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HUD reliance on independent contractor forecloses tort claim

Where the Federal Tort Claims Act’s waiver of sovereign immunity excludes negligence or wrongful acts or omissions performed by independent contractors, and the Department of Housing and Urban Development contracted with a company to maintain a property that was for sale, the government was immune for injuries suffered by a potential buyer while he toured the property.

Background

On Jan. 10, 2017, Ernest Wynkoop was touring a property that was for sale when he fell through a stair that collapsed. He suffered a tear to his right rotator cuff which has required two surgeries, and suffered right shoulder pain, right knee pain and a sprain of the lateral ligament of his right knee. The property was owned and being sold by HUD. On Jan. 22, 2020, Wynkoop filed this lawsuit against HUD, alleging negligence in maintaining the property.

The government filed a motion to dismiss Wynkoop’s lawsuit pursuant to Rule 12(b)(1), asserting that HUD contracted the property’s maintenance to an independent contractor and the United States has not waived sovereign immunity for alleged negligence of independent contractors under the Federal Tort Claims Act, or FTCA.

Analysis

Although the government typically is immune from suit, “the FTCA waives sovereign immunity when the federal government ‘would be liable to the claimant in accordance with the law of the place where the act or omission occurred’ for certain torts, such as negligence committed by federal employees acting  within the scope  of their employment.’” The United States asserts that the government’s waiver of sovereign immunity for tort claims specifically excludes negligence or wrongful acts or omissions performed by independent contractors.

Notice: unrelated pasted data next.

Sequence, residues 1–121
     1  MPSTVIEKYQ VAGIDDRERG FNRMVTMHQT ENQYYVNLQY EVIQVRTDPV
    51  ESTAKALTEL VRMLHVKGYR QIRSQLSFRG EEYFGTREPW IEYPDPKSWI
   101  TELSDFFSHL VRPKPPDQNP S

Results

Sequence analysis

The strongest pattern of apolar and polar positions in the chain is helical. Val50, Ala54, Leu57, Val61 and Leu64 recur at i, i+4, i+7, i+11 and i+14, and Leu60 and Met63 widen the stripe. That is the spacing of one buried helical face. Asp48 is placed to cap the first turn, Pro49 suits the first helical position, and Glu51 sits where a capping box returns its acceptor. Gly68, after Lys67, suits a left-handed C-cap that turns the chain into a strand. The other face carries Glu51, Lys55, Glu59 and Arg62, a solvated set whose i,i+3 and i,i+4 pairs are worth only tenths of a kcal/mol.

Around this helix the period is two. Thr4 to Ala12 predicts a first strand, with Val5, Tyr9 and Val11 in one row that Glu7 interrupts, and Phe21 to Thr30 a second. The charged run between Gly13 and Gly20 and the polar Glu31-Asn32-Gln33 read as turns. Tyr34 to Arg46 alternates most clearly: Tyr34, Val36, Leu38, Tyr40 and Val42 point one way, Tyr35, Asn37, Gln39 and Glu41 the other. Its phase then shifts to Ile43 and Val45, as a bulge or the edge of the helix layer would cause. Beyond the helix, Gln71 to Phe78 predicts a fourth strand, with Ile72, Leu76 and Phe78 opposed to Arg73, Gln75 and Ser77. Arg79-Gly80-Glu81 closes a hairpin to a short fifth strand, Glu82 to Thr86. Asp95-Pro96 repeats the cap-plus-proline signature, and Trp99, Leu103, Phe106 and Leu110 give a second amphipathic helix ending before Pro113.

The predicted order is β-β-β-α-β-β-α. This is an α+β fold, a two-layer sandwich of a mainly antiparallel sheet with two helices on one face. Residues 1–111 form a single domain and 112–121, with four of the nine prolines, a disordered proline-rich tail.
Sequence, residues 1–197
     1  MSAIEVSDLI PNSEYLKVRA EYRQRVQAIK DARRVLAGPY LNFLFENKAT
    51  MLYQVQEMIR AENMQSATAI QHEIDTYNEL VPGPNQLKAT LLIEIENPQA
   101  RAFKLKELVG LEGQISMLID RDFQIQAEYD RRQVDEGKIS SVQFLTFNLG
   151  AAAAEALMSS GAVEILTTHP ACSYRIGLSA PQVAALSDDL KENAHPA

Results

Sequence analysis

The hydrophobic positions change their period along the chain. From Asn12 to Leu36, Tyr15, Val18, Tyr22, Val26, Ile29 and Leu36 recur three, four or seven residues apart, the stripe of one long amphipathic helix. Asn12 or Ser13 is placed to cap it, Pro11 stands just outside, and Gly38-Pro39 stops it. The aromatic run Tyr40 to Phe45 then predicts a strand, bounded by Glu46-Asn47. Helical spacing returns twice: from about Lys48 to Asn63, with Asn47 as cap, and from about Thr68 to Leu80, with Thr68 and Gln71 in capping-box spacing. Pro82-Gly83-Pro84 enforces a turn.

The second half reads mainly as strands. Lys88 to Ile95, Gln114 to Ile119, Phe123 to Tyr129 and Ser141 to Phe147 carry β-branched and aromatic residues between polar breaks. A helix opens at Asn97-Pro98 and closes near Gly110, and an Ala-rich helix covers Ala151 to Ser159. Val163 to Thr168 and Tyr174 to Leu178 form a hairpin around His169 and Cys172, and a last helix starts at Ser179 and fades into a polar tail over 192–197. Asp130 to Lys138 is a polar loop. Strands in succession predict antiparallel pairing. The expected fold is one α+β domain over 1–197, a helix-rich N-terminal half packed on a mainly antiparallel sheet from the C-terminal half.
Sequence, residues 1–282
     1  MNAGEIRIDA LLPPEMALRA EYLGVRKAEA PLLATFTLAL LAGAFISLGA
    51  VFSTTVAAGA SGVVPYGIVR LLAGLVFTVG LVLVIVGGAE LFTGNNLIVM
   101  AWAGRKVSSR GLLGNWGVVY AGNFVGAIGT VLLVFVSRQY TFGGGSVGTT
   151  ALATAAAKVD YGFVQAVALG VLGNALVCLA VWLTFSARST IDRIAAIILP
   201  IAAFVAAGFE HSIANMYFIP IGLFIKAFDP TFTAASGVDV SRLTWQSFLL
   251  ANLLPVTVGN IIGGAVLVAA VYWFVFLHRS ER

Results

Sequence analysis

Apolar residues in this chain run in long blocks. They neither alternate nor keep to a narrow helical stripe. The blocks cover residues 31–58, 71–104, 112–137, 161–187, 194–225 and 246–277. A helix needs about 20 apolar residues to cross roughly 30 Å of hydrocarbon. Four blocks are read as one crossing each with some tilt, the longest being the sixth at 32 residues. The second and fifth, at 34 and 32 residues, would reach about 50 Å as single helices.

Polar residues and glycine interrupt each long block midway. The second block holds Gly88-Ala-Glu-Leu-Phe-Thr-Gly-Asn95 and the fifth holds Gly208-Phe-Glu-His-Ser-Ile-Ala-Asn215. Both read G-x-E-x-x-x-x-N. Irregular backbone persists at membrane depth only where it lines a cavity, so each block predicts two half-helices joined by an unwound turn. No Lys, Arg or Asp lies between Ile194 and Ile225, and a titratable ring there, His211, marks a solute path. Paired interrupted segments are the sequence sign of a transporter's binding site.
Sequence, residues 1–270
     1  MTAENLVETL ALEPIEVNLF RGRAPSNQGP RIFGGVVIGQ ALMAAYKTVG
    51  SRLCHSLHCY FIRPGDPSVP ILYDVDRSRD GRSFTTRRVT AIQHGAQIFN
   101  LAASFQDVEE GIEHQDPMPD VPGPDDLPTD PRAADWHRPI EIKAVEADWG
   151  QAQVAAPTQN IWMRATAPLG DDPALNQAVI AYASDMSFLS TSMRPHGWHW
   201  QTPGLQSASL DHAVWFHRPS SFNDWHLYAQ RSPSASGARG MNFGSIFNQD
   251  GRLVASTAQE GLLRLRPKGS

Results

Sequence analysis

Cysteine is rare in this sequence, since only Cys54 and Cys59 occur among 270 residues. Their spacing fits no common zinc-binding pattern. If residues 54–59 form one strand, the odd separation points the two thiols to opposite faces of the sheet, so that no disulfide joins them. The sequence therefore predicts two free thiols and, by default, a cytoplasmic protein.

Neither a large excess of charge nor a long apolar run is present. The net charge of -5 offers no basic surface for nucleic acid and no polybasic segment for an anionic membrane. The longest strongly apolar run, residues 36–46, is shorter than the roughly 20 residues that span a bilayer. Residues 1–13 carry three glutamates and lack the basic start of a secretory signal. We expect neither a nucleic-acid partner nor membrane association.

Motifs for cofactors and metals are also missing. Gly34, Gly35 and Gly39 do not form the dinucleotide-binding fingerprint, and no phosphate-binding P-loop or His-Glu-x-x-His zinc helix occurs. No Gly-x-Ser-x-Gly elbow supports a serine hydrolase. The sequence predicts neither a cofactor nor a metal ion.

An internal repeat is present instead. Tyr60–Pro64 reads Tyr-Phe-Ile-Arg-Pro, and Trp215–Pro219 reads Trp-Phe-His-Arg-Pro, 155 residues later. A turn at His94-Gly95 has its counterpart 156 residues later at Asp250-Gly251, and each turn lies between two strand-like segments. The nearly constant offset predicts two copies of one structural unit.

Wynkoop responds that he is not arguing that the United States is vicariously liable for the actions of an independent contractor, but rather that it is directly liable, because under Virginia law, a property owner’s duty to maintain premises in a reasonably safe condition is a non-delegable duty. However, this argument was rejected by the Fourth Circuit in Berkman v. United States, 957 F.2d 108 (4th Cir. 1992).

Wynkoop alleges that the government was negligent in that it failed to keep the property where he fell in a reasonably safe condition, failed to properly maintain the stairwell, failed to properly supervise agents and employees as they carried out their duties of inspecting to make sure the stairwell was safe, failed to warn invitees to the property of its dangerous condition and failed to exercise reasonable care to correct the dangerous condition of the stairwell. However, it is undisputed that the government contracted with BLM Companies Inc. to perform these duties and therefore, the government has not waived its sovereign immunity under the FTCA.

Wynkoop cites authority where courts have held that direct liability imposed for breach of a non-delegable duty does not fall under the independent contractor exception to the FTCA. However, all the cases he cites involved “inherently dangerous work.” Because Wynkoop has not alleged that maintenance of the HUD-owned property on which he was injured was inherently dangerous or involved special dangers, these cases do not support his argument that the government is directly liable for his injuries.

Defendant’s motion to dismiss granted.

Wynkoop v. United States of America, Case No. 5:20-cv-4, Dec. 23, 2020. WDVA at Harrisonburg (Urbanski). VLW 020-3-650. 8 pp.

VLW 020-3-650